Turtles Can Fly


Along the Iraqi-Turkish border, the children of a Kurdish refugee camp wait anxiously in the days before the 2003 American invasion. Kak Satellite (Soran Ebrahim), a petty tyrant who’s fascinated by the United States, orders the other kids around, making them dig up landmines then trading them for various goods. “Half of them don’t have hands.” “They’re the best, they’re not afraid of the mines anymore.”

Iranian writer-director Bahman Ghobadi’s latest is the first film to have been shot in Iraq since the end of the Saddam Hussein regime. It’s all the more affecting because these are actual refugees on screen, many of them crippled, and we can see how devastated the country is, with tons of metal scrap lying everywhere.

But as immediate and realistic as “Turtles Can Fly” is, it’s also a very cinematic experience. There’s always an undercurrent of infinite sorrow, but some scenes are beautiful or even funny. Remarkably directed and photographed, there is a true majesty to the recurring long wide shots of misty mountains and valleys, and Ghobadi’s shot composition is constantly amazing. There’s also an almost mythical feel to the story, particularly around Agrin (Avaz Latif), a girl with a Medea complex whom Satellite is enamoured with, and her armless brother Pasheo (Saddam Hossein Feysal), who has visions of the future.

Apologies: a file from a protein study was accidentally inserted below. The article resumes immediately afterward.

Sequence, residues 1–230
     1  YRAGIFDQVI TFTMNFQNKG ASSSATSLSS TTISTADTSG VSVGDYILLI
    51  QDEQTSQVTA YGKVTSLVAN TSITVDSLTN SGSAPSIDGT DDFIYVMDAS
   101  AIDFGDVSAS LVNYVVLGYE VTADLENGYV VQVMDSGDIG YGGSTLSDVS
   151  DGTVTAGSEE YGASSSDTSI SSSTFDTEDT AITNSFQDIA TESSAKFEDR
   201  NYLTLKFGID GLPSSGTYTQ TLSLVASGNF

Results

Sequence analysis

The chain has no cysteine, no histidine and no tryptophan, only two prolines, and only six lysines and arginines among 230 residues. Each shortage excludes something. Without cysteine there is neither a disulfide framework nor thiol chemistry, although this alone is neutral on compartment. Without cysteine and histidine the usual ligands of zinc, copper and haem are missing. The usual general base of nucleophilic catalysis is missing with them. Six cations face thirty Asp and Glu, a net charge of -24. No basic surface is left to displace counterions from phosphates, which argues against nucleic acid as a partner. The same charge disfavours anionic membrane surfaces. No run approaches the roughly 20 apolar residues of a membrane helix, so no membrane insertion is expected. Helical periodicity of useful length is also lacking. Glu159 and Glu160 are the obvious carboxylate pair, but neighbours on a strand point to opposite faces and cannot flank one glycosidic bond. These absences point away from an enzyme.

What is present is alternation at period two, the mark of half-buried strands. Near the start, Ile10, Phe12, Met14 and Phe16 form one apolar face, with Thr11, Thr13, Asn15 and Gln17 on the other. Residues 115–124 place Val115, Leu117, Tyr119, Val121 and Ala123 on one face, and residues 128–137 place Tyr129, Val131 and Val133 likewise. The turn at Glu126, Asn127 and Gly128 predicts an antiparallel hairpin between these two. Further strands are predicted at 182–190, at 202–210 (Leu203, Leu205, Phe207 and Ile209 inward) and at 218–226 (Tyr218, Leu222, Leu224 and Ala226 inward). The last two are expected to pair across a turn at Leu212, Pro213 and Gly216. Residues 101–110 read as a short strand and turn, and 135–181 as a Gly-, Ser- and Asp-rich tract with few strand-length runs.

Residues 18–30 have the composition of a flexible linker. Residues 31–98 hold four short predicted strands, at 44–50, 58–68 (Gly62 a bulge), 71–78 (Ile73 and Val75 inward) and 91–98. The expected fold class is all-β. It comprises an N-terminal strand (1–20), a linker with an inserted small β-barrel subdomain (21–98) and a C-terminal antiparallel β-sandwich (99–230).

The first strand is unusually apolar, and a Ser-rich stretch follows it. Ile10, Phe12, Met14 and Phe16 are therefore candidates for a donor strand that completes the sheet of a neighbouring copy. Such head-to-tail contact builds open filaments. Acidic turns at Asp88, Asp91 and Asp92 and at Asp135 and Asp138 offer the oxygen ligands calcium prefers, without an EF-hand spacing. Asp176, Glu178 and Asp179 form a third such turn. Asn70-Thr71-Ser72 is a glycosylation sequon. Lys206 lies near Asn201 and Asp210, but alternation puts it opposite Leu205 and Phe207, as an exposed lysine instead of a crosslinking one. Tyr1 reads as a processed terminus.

This is one of the most enlightening depictions of war I’ve seen, because it’s seen from the inside, away from politics and straight into the pain of the true victims of these conflicts.